In the United States, 2015 was a watershed year for marriage equality. With a 5-4 decision in June, the Supreme Court ruled in Obergefell v. Hodges that the Due Process Clause of the Fourteenth Amendment guarantees the right to marry for all Americans, regardless of the gender composition of the couple. Marriage traditionalists built their case against same-sex unions on the proposition that, as a fundamentally religious ritual, marriage was for millennia defined as a union between one man and one woman. However, Obergefell rejected the premise that lawmaking could be based solely on religious reasons without clearly defined state-sanctioned goals. Through its ruling, the Supreme Court built a constitutional wall separating marital unions from the church’s traditional definition.
Yet if 2015 saw the backers of marriage equality win a decisive victory, 2016 opened with what might be a trend among some churches to relocate the battleground over same-sex marriage within the boundaries of their own religious communities. On January 10, a leading member of the worldwide hierarchy of the Church of Jesus Christ of Latter-day Saints (LDS) announced that the church’s controversial and exclusionary policy toward gay Mormon couples and their children—first established in 2015 in response to Obergefell—was “revealed” to the church’s president and confirmed by the other church apostles to be “the will of the Lord.” Four days later, the Anglican Communion announced that it had voted to suspend for three years the Episcopal Church in the United States of America (ECUSA), the largest U.S. member of the global Communion, from key voting positions. The suspension came in response to the Episcopal Church’s practice of allowing its clergy to perform same-sex marriage and for its decision, in the wake of Obergefell, to include same-sex marriage rites in its church laws.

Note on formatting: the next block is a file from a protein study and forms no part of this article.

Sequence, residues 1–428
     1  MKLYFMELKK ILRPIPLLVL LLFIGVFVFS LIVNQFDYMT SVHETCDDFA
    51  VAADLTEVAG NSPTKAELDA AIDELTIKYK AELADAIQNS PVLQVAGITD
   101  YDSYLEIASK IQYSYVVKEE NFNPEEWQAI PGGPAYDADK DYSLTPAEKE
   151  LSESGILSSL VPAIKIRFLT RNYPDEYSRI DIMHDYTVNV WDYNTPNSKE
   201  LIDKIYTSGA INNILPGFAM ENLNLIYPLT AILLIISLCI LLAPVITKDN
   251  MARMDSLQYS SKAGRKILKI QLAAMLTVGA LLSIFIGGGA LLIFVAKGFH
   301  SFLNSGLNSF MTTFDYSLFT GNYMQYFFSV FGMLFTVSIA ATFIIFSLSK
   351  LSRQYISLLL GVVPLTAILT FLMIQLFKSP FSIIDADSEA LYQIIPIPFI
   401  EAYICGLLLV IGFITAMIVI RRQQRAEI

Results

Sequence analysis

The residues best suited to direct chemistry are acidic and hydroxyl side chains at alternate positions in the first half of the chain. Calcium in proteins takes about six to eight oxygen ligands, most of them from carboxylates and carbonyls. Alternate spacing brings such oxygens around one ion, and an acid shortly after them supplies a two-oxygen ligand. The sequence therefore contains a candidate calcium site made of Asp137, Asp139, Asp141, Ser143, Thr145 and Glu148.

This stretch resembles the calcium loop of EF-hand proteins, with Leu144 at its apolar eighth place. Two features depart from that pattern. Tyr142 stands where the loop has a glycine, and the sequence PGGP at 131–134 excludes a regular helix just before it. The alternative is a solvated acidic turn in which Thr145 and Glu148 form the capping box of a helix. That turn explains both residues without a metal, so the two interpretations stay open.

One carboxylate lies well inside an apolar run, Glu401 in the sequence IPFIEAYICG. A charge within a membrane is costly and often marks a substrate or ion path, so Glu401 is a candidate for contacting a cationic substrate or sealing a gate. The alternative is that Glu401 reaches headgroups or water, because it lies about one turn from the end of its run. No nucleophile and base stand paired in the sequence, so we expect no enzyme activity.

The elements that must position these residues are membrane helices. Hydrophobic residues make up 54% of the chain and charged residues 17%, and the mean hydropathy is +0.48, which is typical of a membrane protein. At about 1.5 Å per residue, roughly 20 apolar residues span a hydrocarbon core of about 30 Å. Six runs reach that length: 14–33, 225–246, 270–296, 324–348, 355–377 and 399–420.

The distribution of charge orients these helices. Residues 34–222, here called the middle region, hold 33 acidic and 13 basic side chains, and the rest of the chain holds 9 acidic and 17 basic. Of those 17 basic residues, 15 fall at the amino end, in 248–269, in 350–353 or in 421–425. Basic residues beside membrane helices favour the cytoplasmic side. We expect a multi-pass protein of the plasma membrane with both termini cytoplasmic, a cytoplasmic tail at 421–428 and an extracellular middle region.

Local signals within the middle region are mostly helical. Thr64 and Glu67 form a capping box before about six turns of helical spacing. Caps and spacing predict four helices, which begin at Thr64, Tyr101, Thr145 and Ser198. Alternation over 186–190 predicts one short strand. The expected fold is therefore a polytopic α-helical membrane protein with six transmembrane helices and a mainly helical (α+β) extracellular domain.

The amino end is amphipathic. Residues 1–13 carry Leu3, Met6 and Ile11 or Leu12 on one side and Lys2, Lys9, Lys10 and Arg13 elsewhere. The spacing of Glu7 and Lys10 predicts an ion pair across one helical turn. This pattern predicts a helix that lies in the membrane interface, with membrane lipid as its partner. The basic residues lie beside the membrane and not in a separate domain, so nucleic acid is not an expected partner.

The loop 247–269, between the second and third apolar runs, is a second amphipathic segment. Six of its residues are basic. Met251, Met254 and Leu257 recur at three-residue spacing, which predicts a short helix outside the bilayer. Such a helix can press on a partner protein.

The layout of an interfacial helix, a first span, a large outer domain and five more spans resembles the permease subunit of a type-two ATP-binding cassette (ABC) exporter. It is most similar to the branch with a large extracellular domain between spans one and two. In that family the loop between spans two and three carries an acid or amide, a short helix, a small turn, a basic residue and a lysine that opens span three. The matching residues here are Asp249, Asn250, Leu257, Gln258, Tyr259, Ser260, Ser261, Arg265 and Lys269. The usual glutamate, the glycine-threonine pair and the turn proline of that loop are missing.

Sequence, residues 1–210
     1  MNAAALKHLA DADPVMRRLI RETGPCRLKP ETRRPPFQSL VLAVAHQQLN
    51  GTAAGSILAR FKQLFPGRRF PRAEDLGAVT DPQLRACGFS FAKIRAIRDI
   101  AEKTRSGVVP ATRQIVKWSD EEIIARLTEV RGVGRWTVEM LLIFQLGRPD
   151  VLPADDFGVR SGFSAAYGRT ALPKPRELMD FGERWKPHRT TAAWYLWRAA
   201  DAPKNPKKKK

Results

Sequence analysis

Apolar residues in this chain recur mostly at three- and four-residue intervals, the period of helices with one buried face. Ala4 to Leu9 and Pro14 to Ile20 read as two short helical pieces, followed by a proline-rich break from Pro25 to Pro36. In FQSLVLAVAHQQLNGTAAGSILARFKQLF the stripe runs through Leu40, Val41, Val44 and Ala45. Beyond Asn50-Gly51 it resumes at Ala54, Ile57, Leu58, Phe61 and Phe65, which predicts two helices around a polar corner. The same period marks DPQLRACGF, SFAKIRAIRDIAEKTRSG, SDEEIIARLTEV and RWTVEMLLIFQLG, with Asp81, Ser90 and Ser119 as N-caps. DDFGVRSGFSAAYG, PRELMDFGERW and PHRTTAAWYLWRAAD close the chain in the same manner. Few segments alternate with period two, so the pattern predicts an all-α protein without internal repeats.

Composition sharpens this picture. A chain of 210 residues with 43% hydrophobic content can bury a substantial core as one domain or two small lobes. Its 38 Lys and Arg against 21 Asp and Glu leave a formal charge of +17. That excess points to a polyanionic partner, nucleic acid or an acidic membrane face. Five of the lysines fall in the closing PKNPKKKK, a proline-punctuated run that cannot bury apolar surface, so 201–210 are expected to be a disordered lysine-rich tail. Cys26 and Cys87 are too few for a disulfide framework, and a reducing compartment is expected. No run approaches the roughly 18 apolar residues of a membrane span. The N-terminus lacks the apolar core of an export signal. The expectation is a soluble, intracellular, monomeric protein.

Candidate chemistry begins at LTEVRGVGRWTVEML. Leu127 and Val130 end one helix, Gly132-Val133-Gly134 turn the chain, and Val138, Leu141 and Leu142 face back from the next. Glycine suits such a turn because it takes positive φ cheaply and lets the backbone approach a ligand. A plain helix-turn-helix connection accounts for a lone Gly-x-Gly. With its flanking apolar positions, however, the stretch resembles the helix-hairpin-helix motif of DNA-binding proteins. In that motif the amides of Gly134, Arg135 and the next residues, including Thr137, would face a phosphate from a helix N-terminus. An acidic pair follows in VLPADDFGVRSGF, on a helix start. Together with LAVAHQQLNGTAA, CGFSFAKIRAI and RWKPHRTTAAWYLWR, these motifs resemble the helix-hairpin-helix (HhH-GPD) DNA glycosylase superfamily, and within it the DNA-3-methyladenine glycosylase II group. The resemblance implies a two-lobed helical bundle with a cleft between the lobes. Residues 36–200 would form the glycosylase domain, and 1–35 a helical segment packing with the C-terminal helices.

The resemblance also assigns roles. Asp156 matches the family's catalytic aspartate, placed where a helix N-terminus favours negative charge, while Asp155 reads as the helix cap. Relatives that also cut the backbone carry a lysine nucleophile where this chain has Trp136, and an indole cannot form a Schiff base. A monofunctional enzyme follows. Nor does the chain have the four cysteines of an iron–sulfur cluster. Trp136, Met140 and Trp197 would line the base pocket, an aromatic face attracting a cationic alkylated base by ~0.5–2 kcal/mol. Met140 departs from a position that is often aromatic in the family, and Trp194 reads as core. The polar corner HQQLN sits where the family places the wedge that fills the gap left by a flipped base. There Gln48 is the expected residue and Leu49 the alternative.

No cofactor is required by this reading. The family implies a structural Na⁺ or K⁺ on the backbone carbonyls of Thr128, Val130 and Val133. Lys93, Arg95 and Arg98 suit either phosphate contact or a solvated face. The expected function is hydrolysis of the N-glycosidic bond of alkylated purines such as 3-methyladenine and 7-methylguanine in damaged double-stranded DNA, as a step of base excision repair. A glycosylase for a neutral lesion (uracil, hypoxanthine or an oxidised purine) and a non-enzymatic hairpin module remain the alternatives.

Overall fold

Source: Religion & Politics